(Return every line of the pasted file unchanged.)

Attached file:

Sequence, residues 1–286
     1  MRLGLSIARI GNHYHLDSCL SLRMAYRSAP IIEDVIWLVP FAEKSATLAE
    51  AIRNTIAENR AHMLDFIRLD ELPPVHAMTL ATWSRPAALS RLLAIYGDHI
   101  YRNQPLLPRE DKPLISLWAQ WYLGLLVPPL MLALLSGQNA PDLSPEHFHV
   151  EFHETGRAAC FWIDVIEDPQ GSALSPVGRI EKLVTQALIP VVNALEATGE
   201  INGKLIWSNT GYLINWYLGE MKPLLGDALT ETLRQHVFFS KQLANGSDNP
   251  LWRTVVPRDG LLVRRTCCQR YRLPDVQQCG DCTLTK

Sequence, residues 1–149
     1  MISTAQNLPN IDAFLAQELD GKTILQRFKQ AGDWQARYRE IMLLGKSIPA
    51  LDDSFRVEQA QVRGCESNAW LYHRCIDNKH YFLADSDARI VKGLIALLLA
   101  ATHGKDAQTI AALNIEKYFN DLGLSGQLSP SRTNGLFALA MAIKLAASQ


Sequence, residues 1–286
     1  MRLGLSIARI GNHYHLDSCL SLRMAYRSAP IIEDVIWLVP FAEKSATLAE
    51  AIRNTIAENR AHMLDFIRLD ELPPVHAMTL ATWSRPAALS RLLAIYGDHI
   101  YRNQPLLPRE DKPLISLWAQ WYLGLLVPPL MLALLSGQNA PDLSPEHFHV
   151  EFHETGRAAC FWIDVIEDPQ GSALSPVGRI EKLVTQALIP VVNALEATGE
   201  INGKLIWSNT GYLINWYLGE MKPLLGDALT ETLRQHVFFS KQLANGSDNP
   251  LWRTVVPRDG LLVRRTCCQR YRLPDVQQCG DCTLTK

Sequence, residues 1–149
     1  MISTAQNLPN IDAFLAQELD GKTILQRFKQ AGDWQARYRE IMLLGKSIPA
    51  LDDSFRVEQA QVRGCESNAW LYHRCIDNKH YFLADSDARI VKGLIALLLA
   101  ATHGKDAQTI AALNIEKYFN DLGLSGQLSP SRTNGLFALA MAIKLAASQ